Teach English with Word Games

Need to fill a 20-minute gap with an engaging activity that helps students learn and review English vocabulary? Try one of these high interest word games. 

Word Games

These word games help students learn and review vocabulary based on a fun puzzle format. As a puzzle, there is an objective and challenge. Teachers can be most productive by resisting the urge to give the answers away to quickly. Most of my students seem to enjoy the challenge of muddling through the brain game, with the occasional hint from the teacher.

Sound and Sort

This is a classic word game. I always run it during the first week of the semester when the students have new class jitters or just before an exam.

Get the detailed instructions and word list here.


Explain the name of the challenge, Sound and Sort. Sound refers to pronunciation and sort means organize or make smaller groups. Ask students to divide the words on the worksheet into three groups. Each group has a different characteristic.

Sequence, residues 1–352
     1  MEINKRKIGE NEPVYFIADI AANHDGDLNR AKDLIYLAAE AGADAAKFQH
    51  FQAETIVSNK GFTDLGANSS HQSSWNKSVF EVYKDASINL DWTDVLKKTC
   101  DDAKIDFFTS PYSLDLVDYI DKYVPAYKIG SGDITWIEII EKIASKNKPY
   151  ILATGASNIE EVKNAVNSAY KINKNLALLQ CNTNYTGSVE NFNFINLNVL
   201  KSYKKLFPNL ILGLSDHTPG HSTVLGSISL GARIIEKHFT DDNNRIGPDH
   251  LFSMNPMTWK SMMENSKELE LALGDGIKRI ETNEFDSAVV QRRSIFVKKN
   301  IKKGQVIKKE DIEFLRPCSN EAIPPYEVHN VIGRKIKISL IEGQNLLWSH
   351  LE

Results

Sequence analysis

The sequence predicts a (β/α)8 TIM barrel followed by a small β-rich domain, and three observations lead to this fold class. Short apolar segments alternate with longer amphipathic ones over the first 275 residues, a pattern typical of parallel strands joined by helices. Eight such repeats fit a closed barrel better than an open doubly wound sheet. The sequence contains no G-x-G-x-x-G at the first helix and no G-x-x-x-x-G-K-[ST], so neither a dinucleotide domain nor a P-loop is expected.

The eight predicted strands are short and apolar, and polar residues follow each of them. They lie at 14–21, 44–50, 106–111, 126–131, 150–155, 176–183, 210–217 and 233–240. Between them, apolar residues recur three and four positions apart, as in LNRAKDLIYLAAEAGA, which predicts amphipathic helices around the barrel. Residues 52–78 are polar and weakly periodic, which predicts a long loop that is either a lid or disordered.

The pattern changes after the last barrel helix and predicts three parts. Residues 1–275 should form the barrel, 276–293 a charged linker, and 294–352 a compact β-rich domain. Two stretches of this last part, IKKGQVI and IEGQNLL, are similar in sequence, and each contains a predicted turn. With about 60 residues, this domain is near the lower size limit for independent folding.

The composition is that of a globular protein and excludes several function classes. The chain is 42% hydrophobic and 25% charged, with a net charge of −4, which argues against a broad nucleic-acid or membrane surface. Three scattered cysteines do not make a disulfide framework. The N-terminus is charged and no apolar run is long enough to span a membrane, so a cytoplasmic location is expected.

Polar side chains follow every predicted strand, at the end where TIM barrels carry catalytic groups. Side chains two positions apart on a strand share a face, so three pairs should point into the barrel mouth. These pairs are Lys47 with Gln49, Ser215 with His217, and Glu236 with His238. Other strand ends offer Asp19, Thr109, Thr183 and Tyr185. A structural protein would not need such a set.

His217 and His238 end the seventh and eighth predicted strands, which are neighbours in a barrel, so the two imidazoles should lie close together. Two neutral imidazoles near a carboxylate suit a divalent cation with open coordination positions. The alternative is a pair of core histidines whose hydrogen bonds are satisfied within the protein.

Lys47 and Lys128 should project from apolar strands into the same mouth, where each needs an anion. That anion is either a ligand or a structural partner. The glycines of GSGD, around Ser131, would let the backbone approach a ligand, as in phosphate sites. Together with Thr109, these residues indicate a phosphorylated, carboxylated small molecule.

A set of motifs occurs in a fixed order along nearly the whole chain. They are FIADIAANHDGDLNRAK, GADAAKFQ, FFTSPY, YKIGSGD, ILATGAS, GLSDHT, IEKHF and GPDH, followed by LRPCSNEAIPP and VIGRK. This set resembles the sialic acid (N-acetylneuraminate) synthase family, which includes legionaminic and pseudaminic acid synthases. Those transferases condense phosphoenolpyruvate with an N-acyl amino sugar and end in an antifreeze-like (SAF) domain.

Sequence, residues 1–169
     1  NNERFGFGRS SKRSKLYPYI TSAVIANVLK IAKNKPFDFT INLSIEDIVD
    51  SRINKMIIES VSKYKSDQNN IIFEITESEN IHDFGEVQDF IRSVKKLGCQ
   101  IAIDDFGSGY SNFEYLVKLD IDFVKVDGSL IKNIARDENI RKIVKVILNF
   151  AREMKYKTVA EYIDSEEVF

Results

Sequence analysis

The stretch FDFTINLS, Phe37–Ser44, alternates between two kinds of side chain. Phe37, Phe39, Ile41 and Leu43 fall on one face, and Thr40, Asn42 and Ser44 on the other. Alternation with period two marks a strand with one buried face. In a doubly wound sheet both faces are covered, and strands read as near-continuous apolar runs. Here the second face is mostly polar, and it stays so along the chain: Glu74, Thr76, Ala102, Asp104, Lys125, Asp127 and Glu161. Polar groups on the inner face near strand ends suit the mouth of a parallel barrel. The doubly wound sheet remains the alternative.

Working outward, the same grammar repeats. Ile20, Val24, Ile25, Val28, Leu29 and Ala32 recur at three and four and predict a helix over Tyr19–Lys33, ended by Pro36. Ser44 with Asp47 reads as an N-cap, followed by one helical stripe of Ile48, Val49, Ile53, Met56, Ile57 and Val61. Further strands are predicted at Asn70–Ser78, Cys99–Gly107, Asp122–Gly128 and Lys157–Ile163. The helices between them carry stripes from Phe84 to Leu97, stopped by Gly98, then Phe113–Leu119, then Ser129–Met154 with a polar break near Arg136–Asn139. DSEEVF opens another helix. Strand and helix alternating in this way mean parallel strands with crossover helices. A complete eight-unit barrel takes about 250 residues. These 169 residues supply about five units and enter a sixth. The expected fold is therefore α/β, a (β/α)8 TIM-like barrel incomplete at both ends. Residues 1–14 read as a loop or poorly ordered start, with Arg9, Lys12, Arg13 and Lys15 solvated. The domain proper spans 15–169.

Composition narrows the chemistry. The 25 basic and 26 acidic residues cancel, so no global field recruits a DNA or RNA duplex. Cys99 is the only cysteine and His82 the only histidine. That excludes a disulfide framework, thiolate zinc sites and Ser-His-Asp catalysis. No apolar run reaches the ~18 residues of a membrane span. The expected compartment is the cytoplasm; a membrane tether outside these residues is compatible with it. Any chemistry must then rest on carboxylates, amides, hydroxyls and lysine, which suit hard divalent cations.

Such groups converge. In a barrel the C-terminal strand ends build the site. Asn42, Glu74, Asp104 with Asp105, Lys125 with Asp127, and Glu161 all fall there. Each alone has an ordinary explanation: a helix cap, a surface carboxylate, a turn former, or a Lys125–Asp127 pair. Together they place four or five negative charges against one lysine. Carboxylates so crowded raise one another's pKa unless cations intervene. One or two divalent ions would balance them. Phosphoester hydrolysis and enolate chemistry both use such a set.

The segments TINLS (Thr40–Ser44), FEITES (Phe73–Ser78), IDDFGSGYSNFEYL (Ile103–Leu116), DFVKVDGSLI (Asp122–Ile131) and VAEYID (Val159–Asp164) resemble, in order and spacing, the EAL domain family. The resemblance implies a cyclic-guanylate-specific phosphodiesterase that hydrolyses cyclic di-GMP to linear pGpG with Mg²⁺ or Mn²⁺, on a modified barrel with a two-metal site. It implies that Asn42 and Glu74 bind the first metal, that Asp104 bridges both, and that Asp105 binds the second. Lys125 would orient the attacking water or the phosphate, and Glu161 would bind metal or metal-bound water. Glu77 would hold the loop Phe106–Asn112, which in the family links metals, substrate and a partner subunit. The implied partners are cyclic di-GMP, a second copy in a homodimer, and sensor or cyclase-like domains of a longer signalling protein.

If students struggle, give them a series of progressively clearer hints, such as:

  1. read the words aloud
  2. ask what kinds of words are in the table (verbs)
  3. explain difference between regular and irregular verbs
  4. teach final ED sounds


Which One is Different?

Here is another classic word game. Sometimes called Odd One Out, this pair work activity requires students to read, speak, listen and think critically. 

Get the word lists and full instructions here.


Copy a worksheet for each student. This activity works best when the pair work partner can’t see the word list. 

Student A reads 4 words. Student B has to choose one word and provide a logical reason why it is different. Stress to students that any answer is okay if it is logical. In addition, many different answers are possible.

The worksheets have a few word list options that work with different levels of students.


Homophone Puzzle

This word game works well with high beginner to intermediate students. Get the instructions and worksheets here.


The game is easy to play. Students read a word, listen to the sound and write another word which sounds the same, but has a different spelling.

Here is an example:

ate – eight


All of these activities come from my ebook, The Monster Pack: 240 pages of word games, logic puzzles and trivia. Help your students learn English with language-focused activities and cut your prep time.

If you like these activities, why not buy the ebook?

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